In modern times, the recognition of this phenomenon has become fairly general. "Belief, and to speak fairly, honest belief," wrote Dicey of the divisions of opinion in the nineteenth century about slavery, "was to a great extent the result not of argument, not even of direct self-interest, but of circumstances.... Circumstances are the creators of most men's opinions." 21 Marx narrowed down this somewhat Vague conception, declaring that all thought was conditioned by the economic interest and social status of the thinker. This view was perhaps unduly restrictive. In particular Marx, who denied the existence of "national" interests, underestimated the potency of nationalism as a force conditioning the thought of the individual. But the peculiar concentration which lie applied to the principle served to popularize it and drive it home. The relativity of thought to the interests and circumstances of the thinker has been far more extensively recognized and understood since Marx wrote.
The principle has an extremely wide field of application. It has become a commonplace to say that theories do not mould the course of events, but are invented to explain them. "Empire precedes imperialism." 22 Eighteenth-century England "put into practice the policy of laissez-faire before it found a justification, or even an apparent justification, in the new doctrine"; 23 and "the virtual break-up of laissez-faire as a body of doctrine... has followed, and not preceded, the decline of laissez-faire in the real world."24 The theory of "socialism in a single country" promulgated in Soviet Russia in 1924 was manifestly a product of the failure of Soviet regimes to establish themselves in other countries.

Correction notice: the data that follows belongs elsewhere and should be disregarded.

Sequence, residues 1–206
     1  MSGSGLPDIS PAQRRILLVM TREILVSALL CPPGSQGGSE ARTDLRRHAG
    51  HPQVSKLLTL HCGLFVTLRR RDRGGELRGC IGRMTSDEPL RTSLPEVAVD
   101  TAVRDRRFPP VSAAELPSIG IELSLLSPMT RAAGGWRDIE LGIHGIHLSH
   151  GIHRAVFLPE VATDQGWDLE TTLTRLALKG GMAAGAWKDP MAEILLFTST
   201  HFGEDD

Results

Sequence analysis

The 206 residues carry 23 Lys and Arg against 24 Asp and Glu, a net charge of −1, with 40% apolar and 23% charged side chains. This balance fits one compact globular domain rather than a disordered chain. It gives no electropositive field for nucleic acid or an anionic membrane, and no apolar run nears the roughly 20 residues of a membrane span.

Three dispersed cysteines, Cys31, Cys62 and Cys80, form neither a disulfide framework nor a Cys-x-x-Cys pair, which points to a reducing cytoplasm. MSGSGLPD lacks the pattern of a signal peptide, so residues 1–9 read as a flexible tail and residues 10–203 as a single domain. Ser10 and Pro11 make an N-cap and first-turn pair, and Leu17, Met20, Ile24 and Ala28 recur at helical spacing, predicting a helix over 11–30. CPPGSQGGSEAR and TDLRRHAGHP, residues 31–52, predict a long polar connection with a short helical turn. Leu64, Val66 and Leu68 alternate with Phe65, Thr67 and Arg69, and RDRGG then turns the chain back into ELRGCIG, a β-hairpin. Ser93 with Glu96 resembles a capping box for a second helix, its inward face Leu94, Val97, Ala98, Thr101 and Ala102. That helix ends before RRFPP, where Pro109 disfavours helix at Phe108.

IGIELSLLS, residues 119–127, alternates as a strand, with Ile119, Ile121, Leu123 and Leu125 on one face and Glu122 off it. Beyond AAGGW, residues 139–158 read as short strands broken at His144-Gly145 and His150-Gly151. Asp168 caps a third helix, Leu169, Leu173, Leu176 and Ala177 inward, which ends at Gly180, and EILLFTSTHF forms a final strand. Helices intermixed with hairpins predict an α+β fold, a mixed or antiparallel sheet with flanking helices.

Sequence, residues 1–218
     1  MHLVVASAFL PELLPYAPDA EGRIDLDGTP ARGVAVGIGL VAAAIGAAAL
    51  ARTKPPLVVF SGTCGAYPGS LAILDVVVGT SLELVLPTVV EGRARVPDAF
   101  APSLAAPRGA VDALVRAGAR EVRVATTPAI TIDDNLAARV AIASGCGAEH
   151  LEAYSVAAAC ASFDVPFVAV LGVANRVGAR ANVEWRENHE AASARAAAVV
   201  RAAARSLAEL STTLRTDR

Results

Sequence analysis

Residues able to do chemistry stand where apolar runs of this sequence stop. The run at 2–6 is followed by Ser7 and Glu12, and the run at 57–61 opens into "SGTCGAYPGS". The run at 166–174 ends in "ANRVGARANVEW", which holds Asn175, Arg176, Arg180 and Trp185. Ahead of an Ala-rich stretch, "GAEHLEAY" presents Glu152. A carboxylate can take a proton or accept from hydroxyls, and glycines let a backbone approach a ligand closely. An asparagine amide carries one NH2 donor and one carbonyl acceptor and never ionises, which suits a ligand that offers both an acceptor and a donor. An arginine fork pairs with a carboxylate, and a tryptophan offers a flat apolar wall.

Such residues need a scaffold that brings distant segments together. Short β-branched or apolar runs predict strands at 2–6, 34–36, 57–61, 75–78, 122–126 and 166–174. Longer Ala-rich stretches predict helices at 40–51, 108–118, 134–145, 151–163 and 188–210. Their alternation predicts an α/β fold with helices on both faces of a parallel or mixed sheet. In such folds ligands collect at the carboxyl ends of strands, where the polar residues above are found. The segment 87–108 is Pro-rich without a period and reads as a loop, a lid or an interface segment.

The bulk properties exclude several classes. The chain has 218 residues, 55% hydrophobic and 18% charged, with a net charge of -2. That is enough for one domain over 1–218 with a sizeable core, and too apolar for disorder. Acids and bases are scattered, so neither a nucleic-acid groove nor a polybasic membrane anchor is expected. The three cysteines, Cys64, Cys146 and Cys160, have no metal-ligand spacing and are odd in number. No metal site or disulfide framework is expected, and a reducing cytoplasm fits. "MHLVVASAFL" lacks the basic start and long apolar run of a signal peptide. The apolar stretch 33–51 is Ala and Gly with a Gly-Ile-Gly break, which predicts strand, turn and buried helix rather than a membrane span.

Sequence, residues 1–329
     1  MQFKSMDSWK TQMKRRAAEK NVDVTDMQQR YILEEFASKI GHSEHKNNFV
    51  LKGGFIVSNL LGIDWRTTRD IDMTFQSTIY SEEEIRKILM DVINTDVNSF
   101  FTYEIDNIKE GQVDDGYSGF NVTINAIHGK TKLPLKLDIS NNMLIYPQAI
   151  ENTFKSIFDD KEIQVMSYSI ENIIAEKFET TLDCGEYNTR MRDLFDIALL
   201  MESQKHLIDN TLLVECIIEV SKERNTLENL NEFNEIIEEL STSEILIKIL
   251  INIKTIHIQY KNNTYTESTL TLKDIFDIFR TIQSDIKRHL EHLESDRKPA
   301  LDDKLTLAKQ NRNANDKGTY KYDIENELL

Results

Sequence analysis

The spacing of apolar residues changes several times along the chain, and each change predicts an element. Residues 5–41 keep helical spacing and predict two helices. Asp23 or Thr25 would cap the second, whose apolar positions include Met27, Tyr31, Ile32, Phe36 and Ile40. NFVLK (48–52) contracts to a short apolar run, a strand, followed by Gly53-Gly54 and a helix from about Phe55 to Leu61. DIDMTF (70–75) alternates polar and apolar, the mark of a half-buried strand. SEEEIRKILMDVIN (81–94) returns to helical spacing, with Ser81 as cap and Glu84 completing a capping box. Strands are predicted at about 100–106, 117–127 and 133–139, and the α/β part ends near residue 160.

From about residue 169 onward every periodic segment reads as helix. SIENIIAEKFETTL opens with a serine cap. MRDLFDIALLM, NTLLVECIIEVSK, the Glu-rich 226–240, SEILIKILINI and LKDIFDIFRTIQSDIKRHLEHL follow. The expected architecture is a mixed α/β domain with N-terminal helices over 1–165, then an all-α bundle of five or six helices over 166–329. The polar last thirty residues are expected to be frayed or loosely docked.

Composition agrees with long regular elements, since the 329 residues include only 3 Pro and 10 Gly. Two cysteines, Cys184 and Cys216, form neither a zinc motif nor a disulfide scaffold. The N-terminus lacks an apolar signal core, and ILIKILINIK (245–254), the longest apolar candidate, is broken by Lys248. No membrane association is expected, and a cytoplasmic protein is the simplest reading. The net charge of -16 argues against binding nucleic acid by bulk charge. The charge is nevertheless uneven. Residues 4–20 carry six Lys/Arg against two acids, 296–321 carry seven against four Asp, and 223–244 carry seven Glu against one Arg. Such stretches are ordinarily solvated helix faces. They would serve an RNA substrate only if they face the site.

But the development of abstract theory is often influenced by events which have no
essential connection with it at all.
In the story of political thought (writes a modern social thinker) events have been no less potent than arguments. The failure and success of institutions, the victories and defeats of countries identified with certain principles have repeatedly brought new strength and resolution to the adherents or opponents of these principles as the case might be in all lands.... Philosophy as it exists on earth is the word of philosophers who, authority tells us, stiffer as much from toothache as other mortals, and are, like others, open to the impression of near and striking events and to the seductions of intellectual fashion.25
Germany's dramatic rise to power in the sixties and seventies of last century was impressive enough to make the leading British philosophers of the next generation - Caird, T.H. Green, Bosanquet, McTaggart - ardent Hegelians. Thereafter, the Kaiser's telegram to Kruger and the German naval program spread the conviction among British thinkers that Hegel was a less good philosopher than had been supposed; and since 1914 no British philosopher of repute has ventured to sail under the Hegelian flag. After 1870, Stubbs and Freeman put early English history on a sound Teutonic basis, while even in France Fustel de Coulanges had an uphill struggle to defend the Latin origins of French civilization. During the past thirty years, English historians have been furtively engaged in making the Teutonic origins of England as inconspicuous as possible.
Nor is it only professional thinkers who are subject to such influences. Popular
opinion is not less markedly dominated by them. The frivolity and immorality of French
life was an established dogma in nineteenth-century Britain, which still remembered
Napoleon. "When I was young," writes Mr. Bertrand Russell, "the French ate